The use of pathogenic models to intervene in trauma may produce an effect on individuals similar to sick role socialization. Pathogenesis assumes “sickness”; persons are present at sessions because they have exposed to trauma and are presumed “ill” with trauma symptoms. The mental health professional conducting the intervention is viewed by participants as experts who can “cure” them, much as the doctor is during medical diagnosis. Persons who attend are urged to fulfill the requirements of the pathogenic intervention (e.g., to cooperate, trust, and respect) much like medical patients (Kronenfield & Glik, 1989). This , in essence makes them patients who are presumed ill and in need of care. Following the “script” is the way out of professed suffering from traumatic stress.

The sick role has its benefits, both individually and politically. An increasing number of police officers, for example, are being retired on stress disability due to job exposure to traumatic incidents. Such disabilities may be financially lucrative for individuals (Manocchia, Keller & Ware, 1997). In one state, police officers retired for psychological disability receive two-thirds of their pay for the rest of their lives. Most of these officers may legitimately deserve such disability, but the force of pathogenic trauma intervention may erroneously place them in such situations.

Politically, pathogenic models can also legitimize an organization's efforts to “deal” with trauma among its members. Over the past fifteen years, many police agencies have initiated employee assistance programs and teams to help officers exposed to stress and trauma in their work. While many of these programs are worthwhile, they sometimes serve as facades for organizations to demonstrate that they are “doing something” about trauma. The organization may fear liability issues, or may be pressured to fulfill contract demands by unions. Thus, the process comes full circle; affected officers are first presumed to be “sick”, and the organization proclaims to provide the cure – pathogenic intervention. In this way, both individual and organizational political goals are attended. Most “trauma units” or “shooting teams” in policing are specifically designed to help the officer deal with presupposed trauma. I once heard a police shooting team leader say to an officer: “if you didn't feel anything after you shot that guy, there is something wrong with you. You are not human”.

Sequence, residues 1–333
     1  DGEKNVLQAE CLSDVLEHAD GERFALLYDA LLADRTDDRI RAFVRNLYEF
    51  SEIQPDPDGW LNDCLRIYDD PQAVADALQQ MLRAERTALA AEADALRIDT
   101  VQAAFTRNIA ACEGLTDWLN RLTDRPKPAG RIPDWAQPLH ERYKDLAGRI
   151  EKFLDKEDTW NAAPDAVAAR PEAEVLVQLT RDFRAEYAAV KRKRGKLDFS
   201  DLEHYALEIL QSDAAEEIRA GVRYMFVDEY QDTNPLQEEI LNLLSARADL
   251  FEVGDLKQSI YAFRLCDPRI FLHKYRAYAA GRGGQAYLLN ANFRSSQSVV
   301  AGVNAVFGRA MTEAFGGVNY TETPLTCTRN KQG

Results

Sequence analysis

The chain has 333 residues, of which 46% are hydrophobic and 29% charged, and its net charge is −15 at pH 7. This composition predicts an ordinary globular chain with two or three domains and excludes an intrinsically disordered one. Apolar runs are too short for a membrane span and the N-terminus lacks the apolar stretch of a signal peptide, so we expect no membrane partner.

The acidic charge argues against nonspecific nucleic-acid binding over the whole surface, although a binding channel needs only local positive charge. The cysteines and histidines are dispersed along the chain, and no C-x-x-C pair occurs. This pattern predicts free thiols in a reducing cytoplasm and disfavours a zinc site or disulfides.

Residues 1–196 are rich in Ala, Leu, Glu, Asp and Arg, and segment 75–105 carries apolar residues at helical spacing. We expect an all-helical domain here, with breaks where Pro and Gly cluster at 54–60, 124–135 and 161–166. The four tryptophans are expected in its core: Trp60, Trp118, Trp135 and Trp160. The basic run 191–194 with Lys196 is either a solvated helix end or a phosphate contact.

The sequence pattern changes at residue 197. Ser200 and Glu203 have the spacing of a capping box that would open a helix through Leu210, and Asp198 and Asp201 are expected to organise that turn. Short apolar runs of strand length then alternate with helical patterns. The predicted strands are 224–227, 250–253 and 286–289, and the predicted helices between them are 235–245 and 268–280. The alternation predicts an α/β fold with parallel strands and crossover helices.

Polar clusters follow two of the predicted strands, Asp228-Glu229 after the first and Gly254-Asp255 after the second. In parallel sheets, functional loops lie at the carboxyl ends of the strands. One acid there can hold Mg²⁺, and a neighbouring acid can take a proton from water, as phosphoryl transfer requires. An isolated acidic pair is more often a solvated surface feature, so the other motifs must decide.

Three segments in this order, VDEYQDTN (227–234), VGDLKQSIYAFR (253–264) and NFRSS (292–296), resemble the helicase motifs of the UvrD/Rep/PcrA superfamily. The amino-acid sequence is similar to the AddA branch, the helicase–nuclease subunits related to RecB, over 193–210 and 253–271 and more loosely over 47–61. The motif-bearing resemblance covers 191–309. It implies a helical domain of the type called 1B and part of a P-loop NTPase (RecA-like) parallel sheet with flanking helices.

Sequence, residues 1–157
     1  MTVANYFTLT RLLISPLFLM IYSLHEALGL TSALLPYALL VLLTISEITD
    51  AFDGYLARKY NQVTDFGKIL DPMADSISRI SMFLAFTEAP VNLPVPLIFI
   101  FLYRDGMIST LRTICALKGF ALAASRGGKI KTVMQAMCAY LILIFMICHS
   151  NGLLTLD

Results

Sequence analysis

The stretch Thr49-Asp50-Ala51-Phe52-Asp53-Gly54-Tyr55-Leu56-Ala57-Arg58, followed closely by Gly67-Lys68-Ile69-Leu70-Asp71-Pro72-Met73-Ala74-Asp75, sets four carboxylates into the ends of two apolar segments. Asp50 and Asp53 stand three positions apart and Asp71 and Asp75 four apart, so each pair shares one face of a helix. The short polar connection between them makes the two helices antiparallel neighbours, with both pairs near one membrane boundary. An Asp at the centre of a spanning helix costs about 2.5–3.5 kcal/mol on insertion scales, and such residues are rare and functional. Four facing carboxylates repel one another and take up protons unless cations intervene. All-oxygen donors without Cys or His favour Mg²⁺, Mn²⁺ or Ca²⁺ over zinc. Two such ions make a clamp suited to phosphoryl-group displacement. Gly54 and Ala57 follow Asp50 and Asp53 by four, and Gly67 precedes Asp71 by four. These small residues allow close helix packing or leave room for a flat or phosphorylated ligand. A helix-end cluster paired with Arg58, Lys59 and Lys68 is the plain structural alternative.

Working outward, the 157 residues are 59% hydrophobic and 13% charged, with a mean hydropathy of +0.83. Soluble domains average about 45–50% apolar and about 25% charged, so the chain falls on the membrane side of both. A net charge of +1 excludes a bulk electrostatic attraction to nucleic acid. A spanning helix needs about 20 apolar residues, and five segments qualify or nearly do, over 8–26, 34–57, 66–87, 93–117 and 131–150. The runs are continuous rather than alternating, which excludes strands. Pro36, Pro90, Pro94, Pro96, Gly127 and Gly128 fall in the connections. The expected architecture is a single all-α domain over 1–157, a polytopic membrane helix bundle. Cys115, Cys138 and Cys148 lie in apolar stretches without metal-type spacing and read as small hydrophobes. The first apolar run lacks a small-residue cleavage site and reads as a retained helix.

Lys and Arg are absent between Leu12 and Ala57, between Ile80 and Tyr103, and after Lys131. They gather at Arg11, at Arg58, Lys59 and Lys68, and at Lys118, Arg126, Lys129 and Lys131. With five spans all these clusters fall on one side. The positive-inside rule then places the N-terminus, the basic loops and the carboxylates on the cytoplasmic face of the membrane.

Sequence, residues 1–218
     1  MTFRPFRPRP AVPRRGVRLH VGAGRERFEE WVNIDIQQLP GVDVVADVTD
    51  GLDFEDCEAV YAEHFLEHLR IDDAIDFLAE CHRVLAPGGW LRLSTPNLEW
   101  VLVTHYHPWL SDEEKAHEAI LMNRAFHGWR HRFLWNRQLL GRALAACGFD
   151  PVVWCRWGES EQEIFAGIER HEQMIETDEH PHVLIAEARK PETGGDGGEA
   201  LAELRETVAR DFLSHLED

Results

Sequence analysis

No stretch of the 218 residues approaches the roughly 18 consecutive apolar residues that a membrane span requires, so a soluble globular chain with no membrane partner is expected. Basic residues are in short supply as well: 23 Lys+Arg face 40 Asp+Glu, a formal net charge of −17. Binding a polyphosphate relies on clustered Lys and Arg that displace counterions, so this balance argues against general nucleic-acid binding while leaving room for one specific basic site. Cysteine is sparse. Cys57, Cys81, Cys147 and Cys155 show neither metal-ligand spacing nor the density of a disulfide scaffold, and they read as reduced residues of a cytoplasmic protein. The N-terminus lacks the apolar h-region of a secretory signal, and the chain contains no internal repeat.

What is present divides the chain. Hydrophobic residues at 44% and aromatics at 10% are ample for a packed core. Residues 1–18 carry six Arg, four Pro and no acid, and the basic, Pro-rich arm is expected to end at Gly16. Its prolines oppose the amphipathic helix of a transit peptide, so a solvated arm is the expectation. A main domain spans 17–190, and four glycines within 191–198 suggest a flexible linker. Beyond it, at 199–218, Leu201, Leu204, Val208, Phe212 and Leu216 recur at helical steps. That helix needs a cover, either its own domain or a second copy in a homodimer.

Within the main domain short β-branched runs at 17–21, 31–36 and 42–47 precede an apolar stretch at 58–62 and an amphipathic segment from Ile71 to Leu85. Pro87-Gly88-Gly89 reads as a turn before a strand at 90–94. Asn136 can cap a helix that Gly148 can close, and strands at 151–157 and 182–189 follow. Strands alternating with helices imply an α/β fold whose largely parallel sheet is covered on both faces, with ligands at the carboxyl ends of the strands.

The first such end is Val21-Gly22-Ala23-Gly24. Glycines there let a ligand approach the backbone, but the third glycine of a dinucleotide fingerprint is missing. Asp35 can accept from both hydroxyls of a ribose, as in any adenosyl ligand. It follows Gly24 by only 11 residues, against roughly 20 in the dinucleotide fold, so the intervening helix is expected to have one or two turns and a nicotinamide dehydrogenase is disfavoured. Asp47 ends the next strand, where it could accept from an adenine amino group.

Why do pathogenic models make assumptions that all exposed to trauma are afflicted? Such assumptions may be based on the insecurity of not knowing precisely who is suffering from trauma exposure, or it may the belief that a “shotgun” approach to intervention will in the least help those who are afflicted. But, what of those who were not affected by the traumatic event? Do pathogenic models “talk them into” trauma ? These are important questions. It is difficult to imagine that intervenors would deliberately harm individuals exposed to traumatic events, yet there is continual use of intervention models which remain unproven. Often the individual is not given the benefit of the doubt and assumptions are made that only intervention “experts” can solve problems associated with trauma.

The Individual as an Agent of Change

It must be noted again that not all the consequences of traumatic exposure result in trauma, and that the experience may prove to be a positive growth experience for many. In fact, it has long been administrative procedure in law enforcement to rotate as many police officers as possible at a mass casualty scene in order to give as great a number of officers as possible the “training experience”. Here, trauma exposure seems to be a well accepted practice of a source of growth and development (Dunning , in press).

Scripting does not necessarily have to be detrimental to trauma intervention. If intervenors employ a positive rather than negative perspective (assumption of affliction with trauma symptoms) persons exposed to trauma can utilize their own personal strengths along with the support of professionals. In other words, affected individuals can be scripted positively instead of negatively, leading to salutogenic amelioration.